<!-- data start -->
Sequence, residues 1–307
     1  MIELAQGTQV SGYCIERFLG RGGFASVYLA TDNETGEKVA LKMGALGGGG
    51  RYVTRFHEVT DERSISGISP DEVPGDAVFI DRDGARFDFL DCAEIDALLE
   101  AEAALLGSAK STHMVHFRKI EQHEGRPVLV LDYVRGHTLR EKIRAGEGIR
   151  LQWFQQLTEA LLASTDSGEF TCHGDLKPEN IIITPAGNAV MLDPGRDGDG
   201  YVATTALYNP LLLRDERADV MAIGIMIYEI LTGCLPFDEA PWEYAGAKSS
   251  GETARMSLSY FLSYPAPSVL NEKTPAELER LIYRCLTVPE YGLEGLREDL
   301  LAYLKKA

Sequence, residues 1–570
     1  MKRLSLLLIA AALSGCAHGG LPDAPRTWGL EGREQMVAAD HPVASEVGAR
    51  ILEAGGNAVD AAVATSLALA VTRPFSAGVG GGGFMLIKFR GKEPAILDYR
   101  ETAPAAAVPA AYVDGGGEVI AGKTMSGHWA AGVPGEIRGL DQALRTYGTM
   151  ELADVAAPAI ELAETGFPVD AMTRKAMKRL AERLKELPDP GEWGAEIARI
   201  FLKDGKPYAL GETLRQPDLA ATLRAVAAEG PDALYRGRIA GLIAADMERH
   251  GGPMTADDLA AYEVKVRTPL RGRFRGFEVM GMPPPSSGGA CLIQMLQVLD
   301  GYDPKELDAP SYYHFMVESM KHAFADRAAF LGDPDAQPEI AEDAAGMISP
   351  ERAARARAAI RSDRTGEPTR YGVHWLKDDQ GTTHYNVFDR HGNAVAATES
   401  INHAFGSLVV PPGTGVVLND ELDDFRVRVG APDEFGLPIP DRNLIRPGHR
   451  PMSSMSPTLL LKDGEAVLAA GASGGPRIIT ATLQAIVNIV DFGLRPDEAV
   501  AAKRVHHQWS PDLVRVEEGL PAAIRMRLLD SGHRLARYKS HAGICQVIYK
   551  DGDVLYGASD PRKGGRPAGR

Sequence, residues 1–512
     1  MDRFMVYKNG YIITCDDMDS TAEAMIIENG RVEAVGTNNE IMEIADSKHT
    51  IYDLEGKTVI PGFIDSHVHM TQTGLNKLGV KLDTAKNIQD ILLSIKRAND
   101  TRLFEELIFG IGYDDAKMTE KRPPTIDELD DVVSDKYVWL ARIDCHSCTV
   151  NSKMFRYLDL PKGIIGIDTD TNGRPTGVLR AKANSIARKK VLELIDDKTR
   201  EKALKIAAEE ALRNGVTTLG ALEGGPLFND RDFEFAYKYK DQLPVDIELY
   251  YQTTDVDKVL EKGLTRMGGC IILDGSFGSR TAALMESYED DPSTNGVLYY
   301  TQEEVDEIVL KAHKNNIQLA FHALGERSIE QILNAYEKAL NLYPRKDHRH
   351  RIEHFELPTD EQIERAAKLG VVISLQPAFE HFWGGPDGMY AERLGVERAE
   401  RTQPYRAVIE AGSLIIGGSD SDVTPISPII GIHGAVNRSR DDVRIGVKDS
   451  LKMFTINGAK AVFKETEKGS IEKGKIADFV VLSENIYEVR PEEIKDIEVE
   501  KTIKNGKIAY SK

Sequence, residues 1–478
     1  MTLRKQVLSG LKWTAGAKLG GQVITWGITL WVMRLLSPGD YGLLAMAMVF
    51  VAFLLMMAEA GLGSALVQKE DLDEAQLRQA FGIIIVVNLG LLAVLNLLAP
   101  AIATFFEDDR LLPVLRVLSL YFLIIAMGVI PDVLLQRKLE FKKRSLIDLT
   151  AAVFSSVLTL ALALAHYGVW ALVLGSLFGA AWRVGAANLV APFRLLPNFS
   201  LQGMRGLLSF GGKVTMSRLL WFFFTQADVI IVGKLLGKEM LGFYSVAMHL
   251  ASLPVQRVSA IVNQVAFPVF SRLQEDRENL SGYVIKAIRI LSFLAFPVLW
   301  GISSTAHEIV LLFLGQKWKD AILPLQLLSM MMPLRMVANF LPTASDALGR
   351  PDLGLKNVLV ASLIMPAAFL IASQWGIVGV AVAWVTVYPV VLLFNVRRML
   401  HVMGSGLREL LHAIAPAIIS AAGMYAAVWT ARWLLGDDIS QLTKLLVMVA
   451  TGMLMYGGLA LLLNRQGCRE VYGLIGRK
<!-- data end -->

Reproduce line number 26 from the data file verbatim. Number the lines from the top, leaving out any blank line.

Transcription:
   151  NSKMFRYLDL PKGIIGIDTD TNGRPTGVLR AKANSIARKK VLELIDDKTR